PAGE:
The result of Sunday's parliamentary election raised troubling new questions about Greece's ability to stay solvent and in the euro currency bloc. And the political impasse means Greece could face another round of elections next month.
Voters furious over years of painful budget cuts and higher taxes hammered the conservative New Democracy and socialist PASOK, the two parties who have dominated politics for the last four decades and who had signed up to the country's multibillion dollar bailouts.
The result was a clear anti-austerity message. Smaller parties that had rejected the draconian terms of Greece's rescue packages made significant gains, raising the possibility that they might push the country out of the euro.
They included the extremist Golden Dawn party, which rejects the neo-Nazi label but has been blamed for violent attacks against immigrants. The party won 21 seats in the 300-member parliament, and nearly 7 per cent of the vote.
No party won nearly enough votes to form a government, leaving a coalition government or new elections as the only options.
New Democracy's Antonis Samaras, who came in first with a meagre 18.8 per cent of the vote and 108 seats, failed to build a coalition and handed back the mandate to the president.
"We did everything possible," Samaras said in a televised address. "We directed our proposal to all the parties that could have participated in such an effort, but their either directly rejected their participation, or they set as a condition the participation of others who however did not accept."
The uncertainty caused huge volatility in financial markets across Europe. The Athens exchange closed 6.7 per cent down.
And Greece's bailout creditors appeared alarmed, stressing Athens must stick to its commitments.
"Of course the most important thing is that the programs we agreed with Greece are continued," said German Chancellor Angela Merkel.
Her remarks were echoed by a European Commission spokesman, Amadeu Altafaj Tardio, who stressed the need for "full and timely implementation" of Greece's agreement with its international creditors and underlined that "solidarity is a two-way street."
Now that Samaras has failed to create a government, the mandate goes to Alexis Tsipras, the 38-year-old head of the Radical Left Coalition, or Syriza, who came in second place with 16.78 per cent and 52 seats.
Tsipras will officially be tasked to seek coalition partners Tuesday and will have three days to clinch a deal before the mandate then passes to former finance minister and PASOK head Evangelos Venizelos.
If no agreement can be found new elections will be called, probably for June.
The timing is critical. Greece has to introduce new drastic austerity measures worth €14.5 billion ($19 billion) for 2013-14 in June, while the country is also due to receive a €30 billion ($39.4 billion) installment of its rescue loans from the other countries in the 17-strong eurozone and the International Monetary Fund.
If rescue loan funding is cut off, the country will find itself unable to pay salaries and pensions, and would face defaulting on its debts and potentially leaving the euro.
"I still don't think they're quite to the stage where they will say this is the red line, if you can't meet it we won't give you more support," said Raoul Ruparel, an analyst at the Open Europe think-tank in London.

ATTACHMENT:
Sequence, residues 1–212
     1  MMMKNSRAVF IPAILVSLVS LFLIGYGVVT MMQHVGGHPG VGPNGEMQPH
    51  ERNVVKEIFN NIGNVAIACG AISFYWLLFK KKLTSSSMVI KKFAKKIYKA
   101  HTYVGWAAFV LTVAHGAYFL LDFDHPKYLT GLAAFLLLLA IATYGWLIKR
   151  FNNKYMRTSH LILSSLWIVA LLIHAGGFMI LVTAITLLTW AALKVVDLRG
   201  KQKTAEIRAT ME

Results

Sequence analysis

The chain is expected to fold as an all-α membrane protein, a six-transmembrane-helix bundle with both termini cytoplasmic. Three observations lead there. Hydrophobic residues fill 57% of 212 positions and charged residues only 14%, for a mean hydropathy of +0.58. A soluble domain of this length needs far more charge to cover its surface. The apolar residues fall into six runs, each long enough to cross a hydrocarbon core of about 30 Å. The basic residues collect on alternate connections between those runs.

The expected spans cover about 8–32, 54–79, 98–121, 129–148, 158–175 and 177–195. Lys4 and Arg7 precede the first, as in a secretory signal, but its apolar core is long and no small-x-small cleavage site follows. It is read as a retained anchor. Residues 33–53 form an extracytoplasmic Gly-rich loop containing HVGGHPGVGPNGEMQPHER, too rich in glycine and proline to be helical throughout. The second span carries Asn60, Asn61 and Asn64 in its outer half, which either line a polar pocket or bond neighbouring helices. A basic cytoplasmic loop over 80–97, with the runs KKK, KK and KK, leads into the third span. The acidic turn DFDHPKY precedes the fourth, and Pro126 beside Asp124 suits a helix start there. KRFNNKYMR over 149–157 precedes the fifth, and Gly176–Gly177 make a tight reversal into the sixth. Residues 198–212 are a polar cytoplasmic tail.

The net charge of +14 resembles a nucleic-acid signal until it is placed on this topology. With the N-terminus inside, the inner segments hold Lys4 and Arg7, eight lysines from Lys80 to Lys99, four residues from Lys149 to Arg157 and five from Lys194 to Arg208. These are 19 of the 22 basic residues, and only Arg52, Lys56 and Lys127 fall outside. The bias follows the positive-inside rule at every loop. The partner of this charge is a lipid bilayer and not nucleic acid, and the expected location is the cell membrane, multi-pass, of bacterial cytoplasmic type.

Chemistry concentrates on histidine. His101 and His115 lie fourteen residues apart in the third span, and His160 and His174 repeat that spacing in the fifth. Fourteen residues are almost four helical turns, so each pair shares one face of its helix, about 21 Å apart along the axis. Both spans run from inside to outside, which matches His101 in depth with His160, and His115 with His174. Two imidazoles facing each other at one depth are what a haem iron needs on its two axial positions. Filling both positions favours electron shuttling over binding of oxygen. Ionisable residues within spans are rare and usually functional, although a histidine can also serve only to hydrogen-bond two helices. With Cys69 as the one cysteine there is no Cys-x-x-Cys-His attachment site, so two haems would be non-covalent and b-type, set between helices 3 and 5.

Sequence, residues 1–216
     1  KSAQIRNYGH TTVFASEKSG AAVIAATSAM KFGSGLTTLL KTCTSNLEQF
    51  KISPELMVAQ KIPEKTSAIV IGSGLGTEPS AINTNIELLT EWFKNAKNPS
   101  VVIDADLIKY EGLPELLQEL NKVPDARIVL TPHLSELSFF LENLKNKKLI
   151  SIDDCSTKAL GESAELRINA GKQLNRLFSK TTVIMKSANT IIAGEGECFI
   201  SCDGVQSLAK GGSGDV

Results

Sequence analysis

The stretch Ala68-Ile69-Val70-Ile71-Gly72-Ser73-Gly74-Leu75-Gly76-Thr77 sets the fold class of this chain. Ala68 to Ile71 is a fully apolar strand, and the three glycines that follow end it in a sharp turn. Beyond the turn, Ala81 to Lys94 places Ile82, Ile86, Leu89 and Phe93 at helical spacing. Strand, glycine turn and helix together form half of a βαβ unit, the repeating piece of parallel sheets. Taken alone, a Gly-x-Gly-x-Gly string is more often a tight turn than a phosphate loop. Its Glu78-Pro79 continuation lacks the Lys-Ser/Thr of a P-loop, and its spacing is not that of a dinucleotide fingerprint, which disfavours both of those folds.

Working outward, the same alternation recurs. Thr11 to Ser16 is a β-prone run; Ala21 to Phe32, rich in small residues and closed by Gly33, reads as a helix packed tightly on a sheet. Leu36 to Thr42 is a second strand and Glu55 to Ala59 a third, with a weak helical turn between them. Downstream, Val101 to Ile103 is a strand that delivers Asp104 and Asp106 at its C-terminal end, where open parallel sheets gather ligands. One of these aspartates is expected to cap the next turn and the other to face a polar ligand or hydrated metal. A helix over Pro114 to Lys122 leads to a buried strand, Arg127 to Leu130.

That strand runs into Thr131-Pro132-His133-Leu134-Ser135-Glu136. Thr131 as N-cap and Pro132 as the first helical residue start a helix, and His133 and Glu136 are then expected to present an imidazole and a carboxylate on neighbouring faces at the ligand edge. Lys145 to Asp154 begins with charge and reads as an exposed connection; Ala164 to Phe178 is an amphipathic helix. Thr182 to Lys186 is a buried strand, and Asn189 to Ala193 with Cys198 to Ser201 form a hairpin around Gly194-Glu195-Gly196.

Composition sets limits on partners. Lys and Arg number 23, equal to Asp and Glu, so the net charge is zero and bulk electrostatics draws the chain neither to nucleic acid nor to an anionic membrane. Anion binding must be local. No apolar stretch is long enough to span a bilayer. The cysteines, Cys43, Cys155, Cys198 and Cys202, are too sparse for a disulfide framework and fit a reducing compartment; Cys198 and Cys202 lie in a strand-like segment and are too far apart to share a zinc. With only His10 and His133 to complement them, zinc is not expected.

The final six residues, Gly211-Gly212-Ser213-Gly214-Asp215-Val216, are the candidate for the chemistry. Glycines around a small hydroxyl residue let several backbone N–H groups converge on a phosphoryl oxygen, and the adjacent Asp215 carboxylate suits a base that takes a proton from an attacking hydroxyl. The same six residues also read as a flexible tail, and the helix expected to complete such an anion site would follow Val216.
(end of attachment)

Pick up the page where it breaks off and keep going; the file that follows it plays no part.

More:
In that case, Greece could get "a trickle of funding," enough to give them a chance to form a stable government.
Still, Ruparel said patience among other European leaders is wearing thin and a new Greek government could — depending on who forms it — become intent on renegotiation.
"You could very well see an increasingly hard line taking place on both sides," he said.
That is a distinct possibility, considering the views of formerly small parties that won a large slice of the seats in parliament.
Tsipras insists the country should reject the international loan agreement outright, and has very little common ground with Samaras.
"The campaign positions of Mr. Samaras are at the opposite end of the alternative proposals of a left-wing government," he said.
He noted he would not back a coalition with the conservatives, as Samaras' support for the bailout agreement constitutes "a tragedy for the people and the country."
PASOK, which came a humiliating third two and a half years after a landslide election victory, expressed willingness to join in a coalition and said it would not demand government positions. Venizelos, who as finance minister negotiated Greece's second bailout and a massive debt relief deal, said Syriza and the smaller Democratic Left party of Fotis Kouvelis should be involved in any new government.
"It is necessary for the government of national unity to include all the forces that have a pro-European outlook," Venizelos said after meeting Samaras. "The minimum level of agreement is that Greece remains in the euro."
For his part, Kouvelis — a pro-European leftist critical of the bailout — indicated he was open to participating in a coalition government. Kouvelis, who strongly favours Greece remaining within the euro, won 6.1 per cent of the vote, and his 19 parliamentary seats make him a potential king-maker for any future government.
"For the Democratic left the conditions are two-fold for a government to have popular legitimacy: It must safeguard the country's position in the euro and must proceed to disentangle it from the conditions of the loan agreements," he said.
"We await clear and specific proposals, and we will respond with our position accordingly."
Derek Gatopoulos and Nicholas Paphitis in Athens, and David McHugh in Frankfurt contributed